Illusions of Actuality

in Science on the Air

Published by University of Chicago Press

Published in print October 2008 | ISBN: 9780226467597
Published online March 2013 | e-ISBN: 9780226466958 | DOI:
Illusions of Actuality

Show Summary Details


In the television era, science programming survived at the network level only if it conformed to a fast-paced, irreverent, time-conscious context. Communication of scientific information via television became fragmented and dominated by entertainment values. Popular science was shuttled to the sidelines by network executives unconcerned about altruistic goals of public education. During the 1950s and 1960s, the proportion of television's daily schedule allocated to explaining science declined at the same time that science's accomplishments were gaining ever greater relevance to society. American television viewers never demanded otherwise, and the scientific community turned back to the laboratory with only sporadic, token, and generally ineffective complaint. Two types of programs from that early decade of television demonstrate broadcasting's rapid shift toward entertainment. The first, exemplified by The Johns Hopkins Science Review, adapted radio's educational approaches to a visual context. These presentations retained radio's tone of control and dignity. The second, introduced by a group of one-hour specials underwritten by the Bell Telephone System, altered the landscape of broadcast science. The Bell-funded programs demonstrated to the television industry that science need not be dull. They introduced exciting visual techniques for presenting science, and, perhaps most important, they raised audience expectations for popular science.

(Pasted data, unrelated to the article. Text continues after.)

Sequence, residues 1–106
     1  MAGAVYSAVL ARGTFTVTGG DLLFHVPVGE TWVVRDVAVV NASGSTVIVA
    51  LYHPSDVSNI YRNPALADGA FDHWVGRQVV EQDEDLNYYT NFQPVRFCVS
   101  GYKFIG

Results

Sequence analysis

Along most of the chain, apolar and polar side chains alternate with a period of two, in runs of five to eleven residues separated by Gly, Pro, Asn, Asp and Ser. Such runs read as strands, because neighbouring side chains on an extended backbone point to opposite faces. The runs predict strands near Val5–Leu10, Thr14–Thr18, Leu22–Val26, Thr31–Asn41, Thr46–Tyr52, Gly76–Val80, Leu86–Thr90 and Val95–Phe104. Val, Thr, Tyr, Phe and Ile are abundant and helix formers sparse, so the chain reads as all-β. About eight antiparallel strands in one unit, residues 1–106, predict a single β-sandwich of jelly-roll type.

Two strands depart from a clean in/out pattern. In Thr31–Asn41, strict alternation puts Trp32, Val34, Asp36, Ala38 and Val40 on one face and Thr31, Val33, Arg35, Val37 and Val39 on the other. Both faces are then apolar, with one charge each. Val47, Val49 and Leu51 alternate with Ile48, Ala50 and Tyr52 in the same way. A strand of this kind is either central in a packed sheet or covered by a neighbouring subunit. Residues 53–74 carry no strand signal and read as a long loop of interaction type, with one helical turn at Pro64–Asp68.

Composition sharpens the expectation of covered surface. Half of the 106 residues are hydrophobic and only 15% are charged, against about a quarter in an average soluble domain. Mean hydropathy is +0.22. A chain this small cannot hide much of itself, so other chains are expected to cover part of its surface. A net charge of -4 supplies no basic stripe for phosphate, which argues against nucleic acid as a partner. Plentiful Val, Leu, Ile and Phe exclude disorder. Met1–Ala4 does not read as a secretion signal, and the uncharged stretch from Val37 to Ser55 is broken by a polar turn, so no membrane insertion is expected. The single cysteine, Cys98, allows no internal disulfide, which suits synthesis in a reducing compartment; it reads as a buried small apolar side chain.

Keywords: television broadcasting; science programming; popular science; television shows; The Johns Hopkins Science Review; Bell Telephone System; television programs

Chapter.  10899 words.  Illustrated.

Subjects: Media Studies

Full text: subscription required

How to subscribe Recommend to my Librarian

Users without a subscription are not able to see the full content. Please, subscribe or login to access all content.